DALLAS (Reuters) - About 800 immigrant children from Central America who have entered the United States will be moved to two campsites in the Dallas area over the coming days, local officials said on Thursday.
Officials said the move was due to an increase in the number of unaccompanied minors who have entered the country illegally in the last few months.
Ellis County Sheriff Johnny Brown told a news conference on Thursday the campsite in his county, the Lakeview Camp and Retreat Center, will be patrolled around the clock and function like a mini city.
Figures recently released by U.S. Border Patrol show that it apprehended 10,558 unaccompanied children, mainly from Central America, who entered the United States illegally in October and November, about double the number over the same period last year.
Officials say rather than fleeing, many of the children seek out U.S. officials, surrender, and request political asylum, citing violence and endemic crime in their home countries.
The number of children rapidly escalated in the summer of 2014, totaling nearly 63,000 for the 10 months ended July 2014. Many were fleeing criminal gangs and drug-related violence at home.
Lakeview Camp, run by the Assemblies of God of North Texas, is due to care for 500 migrant youth. Another 300 Central American children will be housed at Sabine Creek Ranch, a Christian camp, in Rockwall County, the camps said.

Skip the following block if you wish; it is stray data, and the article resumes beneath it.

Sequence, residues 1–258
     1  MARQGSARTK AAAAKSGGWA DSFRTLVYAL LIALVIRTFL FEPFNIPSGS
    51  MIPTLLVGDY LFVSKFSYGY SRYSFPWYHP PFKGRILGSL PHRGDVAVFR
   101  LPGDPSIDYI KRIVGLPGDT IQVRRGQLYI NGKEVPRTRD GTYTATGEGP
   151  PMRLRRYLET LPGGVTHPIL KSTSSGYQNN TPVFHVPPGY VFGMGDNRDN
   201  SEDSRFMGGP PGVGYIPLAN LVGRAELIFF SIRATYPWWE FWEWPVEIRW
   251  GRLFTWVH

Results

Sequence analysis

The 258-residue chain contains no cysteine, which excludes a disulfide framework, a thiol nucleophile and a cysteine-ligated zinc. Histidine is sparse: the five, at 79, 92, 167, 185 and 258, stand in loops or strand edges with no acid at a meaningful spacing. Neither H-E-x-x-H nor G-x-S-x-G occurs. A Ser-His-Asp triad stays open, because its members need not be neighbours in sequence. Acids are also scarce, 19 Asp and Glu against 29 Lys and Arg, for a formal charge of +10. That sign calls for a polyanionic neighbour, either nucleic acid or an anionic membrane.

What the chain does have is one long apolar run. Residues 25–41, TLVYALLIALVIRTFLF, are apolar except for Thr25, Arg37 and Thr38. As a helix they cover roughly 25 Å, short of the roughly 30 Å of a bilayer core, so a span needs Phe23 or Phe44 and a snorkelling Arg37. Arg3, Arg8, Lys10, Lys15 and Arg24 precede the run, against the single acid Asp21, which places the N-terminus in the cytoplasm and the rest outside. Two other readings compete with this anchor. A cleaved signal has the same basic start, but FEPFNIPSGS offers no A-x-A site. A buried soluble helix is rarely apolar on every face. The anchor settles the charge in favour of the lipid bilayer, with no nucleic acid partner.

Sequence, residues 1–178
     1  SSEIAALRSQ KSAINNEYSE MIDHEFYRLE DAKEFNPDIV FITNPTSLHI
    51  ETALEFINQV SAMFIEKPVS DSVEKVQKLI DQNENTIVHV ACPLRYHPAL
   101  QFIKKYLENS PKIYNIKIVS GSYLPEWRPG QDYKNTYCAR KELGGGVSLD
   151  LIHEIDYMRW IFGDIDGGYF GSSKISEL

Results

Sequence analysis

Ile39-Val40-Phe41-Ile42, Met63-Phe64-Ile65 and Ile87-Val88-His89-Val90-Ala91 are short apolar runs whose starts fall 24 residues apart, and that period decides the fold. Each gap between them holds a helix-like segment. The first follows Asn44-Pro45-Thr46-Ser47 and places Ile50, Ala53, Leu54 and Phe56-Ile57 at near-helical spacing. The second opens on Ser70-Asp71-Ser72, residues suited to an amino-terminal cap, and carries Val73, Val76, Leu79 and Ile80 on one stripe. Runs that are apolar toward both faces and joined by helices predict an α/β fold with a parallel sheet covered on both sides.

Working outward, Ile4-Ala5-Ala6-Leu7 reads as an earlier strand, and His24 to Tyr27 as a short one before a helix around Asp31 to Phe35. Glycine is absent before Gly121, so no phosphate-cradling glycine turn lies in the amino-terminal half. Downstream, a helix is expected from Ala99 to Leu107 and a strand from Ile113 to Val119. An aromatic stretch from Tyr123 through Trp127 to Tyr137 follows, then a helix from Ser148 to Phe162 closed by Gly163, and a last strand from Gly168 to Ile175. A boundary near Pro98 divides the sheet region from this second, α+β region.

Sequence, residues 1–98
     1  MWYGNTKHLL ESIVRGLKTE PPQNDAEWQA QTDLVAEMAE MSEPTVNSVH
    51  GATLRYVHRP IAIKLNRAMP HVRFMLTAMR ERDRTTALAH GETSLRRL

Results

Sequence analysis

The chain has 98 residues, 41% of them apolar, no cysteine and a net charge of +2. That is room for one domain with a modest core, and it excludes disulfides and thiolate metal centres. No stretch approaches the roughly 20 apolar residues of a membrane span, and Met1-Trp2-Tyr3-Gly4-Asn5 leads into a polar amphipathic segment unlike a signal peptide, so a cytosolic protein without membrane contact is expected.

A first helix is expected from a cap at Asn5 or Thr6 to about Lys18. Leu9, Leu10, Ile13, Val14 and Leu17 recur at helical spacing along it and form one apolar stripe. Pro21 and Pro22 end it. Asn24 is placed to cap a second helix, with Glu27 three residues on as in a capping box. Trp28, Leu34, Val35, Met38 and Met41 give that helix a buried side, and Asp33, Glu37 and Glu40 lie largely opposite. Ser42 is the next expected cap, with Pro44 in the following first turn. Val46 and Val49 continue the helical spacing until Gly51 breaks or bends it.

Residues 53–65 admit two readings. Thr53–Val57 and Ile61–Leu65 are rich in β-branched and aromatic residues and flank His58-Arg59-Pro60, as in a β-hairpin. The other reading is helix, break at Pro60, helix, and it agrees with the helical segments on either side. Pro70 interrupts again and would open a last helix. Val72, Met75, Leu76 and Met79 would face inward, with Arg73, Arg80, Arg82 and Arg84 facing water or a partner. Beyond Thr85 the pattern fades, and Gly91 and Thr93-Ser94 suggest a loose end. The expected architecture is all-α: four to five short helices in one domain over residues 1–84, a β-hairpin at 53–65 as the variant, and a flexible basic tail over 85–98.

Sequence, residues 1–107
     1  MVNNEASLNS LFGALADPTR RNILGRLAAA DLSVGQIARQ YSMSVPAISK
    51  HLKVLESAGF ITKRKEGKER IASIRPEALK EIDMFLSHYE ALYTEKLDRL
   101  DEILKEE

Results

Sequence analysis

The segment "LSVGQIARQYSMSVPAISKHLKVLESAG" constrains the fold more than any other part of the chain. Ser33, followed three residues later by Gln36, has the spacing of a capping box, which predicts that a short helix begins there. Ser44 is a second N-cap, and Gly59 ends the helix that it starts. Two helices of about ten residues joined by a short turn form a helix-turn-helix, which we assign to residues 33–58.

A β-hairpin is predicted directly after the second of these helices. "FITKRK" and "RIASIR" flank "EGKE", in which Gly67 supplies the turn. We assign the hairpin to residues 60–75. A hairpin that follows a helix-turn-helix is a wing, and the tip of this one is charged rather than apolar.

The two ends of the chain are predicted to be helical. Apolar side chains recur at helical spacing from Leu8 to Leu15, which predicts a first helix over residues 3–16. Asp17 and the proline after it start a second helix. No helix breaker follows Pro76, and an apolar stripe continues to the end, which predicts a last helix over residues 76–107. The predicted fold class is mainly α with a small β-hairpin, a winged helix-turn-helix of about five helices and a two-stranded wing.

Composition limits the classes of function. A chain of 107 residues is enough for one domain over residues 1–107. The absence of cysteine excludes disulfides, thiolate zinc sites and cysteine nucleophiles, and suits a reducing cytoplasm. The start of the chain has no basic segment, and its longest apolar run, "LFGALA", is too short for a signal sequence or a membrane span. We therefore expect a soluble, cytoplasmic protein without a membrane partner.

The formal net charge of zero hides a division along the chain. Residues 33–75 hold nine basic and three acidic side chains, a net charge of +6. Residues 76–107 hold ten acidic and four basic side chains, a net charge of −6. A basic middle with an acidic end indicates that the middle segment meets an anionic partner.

Officials in Ellis and Rockwall counties said they received little notice from state and federal agencies of the arrivals.
Reverend Rick DuBose, superintendent of the Assemblies of God of North Texas, told the same news conference that his group was honored to give the children a place to stay for next three weeks.
“We didn’t feel like there was any way we could turn them away and not care for them. We have the beds that are empty and the food that can be served,” he said.
The children will then likely move into a U.S. government-run facility or be turned over to family members until their immigration status is decided, officials said.
Ellis County Commissioner Paul Perry told Reuters: “We have been assured that the cost of housing and security will be borne by the federal government.”
The previous surge in unaccompanied minors created what the Obama administration described as a humanitarian crisis.
To contain it, U.S. authorities opened temporary shelters, reassigned border agents, added processing centers and immigration judges and started Spanish-language campaigns in the countries that most of the children were fleeing - El Salvador, Guatemala and Honduras.
It also led to sharp criticism from Republican leaders who said the Democratic president was not doing enough to secure the border.
Additional reporting by Jim Forsyth in San Antonio; Writing by Jon Herskovitz; Editing by Frances Kerry and Sandra Maler